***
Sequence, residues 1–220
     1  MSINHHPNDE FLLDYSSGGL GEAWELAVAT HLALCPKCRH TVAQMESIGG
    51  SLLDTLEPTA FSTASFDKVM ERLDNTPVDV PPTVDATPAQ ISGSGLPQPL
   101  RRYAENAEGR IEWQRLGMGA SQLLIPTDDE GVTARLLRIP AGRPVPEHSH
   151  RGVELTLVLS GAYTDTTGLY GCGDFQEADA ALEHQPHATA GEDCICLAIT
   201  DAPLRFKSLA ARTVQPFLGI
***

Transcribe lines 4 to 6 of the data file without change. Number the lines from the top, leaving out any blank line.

   101  RRYAENAEGR IEWQRLGMGA SQLLIPTDDE GVTARLLRIP AGRPVPEHSH
   151  RGVELTLVLS GAYTDTTGLY GCGDFQEADA ALEHQPHATA GEDCICLAIT
   201  DAPLRFKSLA ARTVQPFLGI